A suicide attack at a Kabul restaurant popular with foreign nationals killed at least 21 people on Friday, including the country director for the International Monetary Fund and four United Nations employees.
The attacker exploded a bomb at the restaurant gates, clearing the way for two gunmen to enter and start shooting indiscriminately, reports NPR's Sean Carberry. Afghan security forces killed the gunmen in a shootout.
Some 13 foreign nationals were among the dead, CNN reported, including Canadians, Lebanese and a British contractor. The U.S. embassy in Kabul confirmed on Twitter that two victims were American. Two members of the European Police mission were also killed, a Danish woman and a British close protection officer, Carberry says.
The Taliban claimed responsibility in an email, saying the attackers targeted a gathering of foreign diplomats, according to the Wall Street Journal. The WSJ noted that the deadly bombing was likely to drive more foreign nationals and aid workers from the country as the U.S. continues its pullout.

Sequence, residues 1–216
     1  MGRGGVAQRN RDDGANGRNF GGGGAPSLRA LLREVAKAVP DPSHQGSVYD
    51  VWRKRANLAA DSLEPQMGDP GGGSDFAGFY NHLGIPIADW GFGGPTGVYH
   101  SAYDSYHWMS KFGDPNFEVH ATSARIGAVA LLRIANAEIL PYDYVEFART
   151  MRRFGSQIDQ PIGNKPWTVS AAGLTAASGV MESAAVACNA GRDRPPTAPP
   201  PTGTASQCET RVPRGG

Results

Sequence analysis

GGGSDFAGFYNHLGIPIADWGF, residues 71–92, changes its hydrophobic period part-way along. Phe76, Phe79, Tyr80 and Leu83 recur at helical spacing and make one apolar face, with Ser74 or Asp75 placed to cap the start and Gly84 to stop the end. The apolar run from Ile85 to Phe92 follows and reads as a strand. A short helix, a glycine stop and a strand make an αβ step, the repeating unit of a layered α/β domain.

The U.N. called it a "gross violation of international humanitarian law.'
The restaurant, the Taverna du Liban, is located near many NGO offices and a little more than a mile from the Afghan presidential palace. As NPR's Soraya Sarhaddi Nelson reports, the restaurant was well-secured and one of the few that Western agencies allowed their personnel to frequent.
Restaurant owner Kamal Hamade was killed in the attack, says Lyse Doucet of the BBC.
Doucet credits Hamade, who was Lebanese, with safety measures that saved many lives Friday.
"Kamal Hamade made the best chocolate cake in Kabul, the best Lebanese food and, he thought, the best evacuation plan," Doucet writes. "Kamal did everything possible to make his Taverna restaurant a home away from home for many Kabul residents."